So I said no to that [position] and went back to working for a catering firm which I had done to put me through seminary.

Finally, through the old girls’ network, I heard that Old First Presbyterian Church was looking for a half-time minister, a pastor to work with young adults. And that’s how I ended up getting a call and ultimately being ordained.

Along the way, I’m developing a sense that there’s oppression of women going on and began to get involved in those movements.

I’m gonna skip ahead. I left Old First after three years to start work with unchurched young adults, sitting down in our living room, Scott’s and mine, forming a house church with eight of us. And from that Network Ministries grew and flourished for forty years. And did a lot of things.  If you want to, you can google that and see what we did.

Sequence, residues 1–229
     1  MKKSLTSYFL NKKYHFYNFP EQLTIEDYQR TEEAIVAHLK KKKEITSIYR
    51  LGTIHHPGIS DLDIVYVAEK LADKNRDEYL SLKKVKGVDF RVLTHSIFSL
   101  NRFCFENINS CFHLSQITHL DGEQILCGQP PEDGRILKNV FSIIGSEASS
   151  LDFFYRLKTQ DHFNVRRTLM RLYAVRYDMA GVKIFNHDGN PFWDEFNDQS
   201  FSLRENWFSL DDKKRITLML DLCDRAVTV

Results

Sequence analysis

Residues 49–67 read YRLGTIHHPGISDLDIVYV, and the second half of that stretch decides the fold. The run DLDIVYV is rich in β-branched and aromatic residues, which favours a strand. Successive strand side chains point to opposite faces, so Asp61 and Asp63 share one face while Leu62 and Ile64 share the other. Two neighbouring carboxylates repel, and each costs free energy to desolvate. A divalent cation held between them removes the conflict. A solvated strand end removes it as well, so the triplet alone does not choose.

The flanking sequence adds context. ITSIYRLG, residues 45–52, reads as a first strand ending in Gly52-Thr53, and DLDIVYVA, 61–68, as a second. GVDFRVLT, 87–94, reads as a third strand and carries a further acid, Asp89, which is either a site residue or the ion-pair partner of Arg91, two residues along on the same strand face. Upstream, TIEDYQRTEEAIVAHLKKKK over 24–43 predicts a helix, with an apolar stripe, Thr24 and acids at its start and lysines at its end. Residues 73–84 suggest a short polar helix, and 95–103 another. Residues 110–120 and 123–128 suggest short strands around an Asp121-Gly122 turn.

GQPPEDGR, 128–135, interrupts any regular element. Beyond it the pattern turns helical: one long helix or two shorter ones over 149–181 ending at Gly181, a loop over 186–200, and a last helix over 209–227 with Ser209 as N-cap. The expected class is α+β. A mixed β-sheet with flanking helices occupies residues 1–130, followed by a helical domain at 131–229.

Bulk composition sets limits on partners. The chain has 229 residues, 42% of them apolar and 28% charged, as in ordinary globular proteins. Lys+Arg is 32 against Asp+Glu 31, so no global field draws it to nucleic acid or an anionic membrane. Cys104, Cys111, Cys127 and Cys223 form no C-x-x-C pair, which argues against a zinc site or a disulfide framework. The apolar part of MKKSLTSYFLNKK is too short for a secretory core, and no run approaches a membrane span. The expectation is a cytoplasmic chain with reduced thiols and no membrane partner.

Very quickly, we were drawn into the Tenderloin.  There was a place that we learned about that was available on Bush Street, a big space, and we just moved into it. And started a coffee house. This was in ’72, and the Tenderloin came up the hill to us.

A man came who was totally strung out on heroine, and he got there and just collapsed. I had seminary students at the time, and we were able to get him one block over to the ER at Saint Francis hospital.

I went over to see him the next day, and he said, “I don’t remember taking the drugs. I don’t remember coming up the hill. I only remember thinking that if I can get to the coffee house, I’ll be safe. They’ll take care of me. And that was like God saying, “Come down the hill.  What’re you doing up here. Come down the hill into the Tenderloin.” So, we did.

I never expected to be there or to do that. We didn’t know what we were doing. We just went.